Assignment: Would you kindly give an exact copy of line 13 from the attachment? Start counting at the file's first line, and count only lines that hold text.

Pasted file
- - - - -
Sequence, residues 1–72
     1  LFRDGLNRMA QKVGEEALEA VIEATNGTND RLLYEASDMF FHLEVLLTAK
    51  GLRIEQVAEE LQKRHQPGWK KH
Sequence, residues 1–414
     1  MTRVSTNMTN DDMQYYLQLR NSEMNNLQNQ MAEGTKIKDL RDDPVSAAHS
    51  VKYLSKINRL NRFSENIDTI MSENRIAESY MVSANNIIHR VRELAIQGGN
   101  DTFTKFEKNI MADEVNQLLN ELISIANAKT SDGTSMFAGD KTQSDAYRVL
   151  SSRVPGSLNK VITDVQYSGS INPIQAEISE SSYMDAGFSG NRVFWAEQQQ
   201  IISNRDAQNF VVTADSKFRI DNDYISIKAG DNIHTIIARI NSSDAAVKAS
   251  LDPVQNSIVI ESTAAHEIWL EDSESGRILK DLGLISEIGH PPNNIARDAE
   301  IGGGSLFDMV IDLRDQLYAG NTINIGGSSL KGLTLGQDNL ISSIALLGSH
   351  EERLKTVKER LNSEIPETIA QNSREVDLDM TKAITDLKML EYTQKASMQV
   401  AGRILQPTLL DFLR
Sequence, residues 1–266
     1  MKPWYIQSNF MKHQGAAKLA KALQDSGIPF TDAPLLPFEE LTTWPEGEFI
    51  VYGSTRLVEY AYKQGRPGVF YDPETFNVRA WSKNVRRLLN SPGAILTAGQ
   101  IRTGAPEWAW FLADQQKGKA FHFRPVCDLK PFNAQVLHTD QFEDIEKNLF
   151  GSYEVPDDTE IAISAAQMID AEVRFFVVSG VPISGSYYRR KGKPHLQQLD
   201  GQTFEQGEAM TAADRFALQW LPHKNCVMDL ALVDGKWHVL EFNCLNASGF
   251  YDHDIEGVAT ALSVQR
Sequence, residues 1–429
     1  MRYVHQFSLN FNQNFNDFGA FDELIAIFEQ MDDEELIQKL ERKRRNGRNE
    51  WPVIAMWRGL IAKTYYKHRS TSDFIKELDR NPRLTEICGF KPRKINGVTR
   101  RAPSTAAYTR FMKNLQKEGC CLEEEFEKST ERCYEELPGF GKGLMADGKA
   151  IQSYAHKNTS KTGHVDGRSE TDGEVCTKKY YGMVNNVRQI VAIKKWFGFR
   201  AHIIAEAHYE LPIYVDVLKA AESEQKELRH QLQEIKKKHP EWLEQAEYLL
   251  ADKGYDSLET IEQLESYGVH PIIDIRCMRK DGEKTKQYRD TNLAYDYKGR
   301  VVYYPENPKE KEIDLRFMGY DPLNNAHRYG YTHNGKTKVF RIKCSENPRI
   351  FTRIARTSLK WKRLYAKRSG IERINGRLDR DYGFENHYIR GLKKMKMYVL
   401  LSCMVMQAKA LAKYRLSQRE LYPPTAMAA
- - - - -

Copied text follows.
   401  AGRILQPTLL DFLR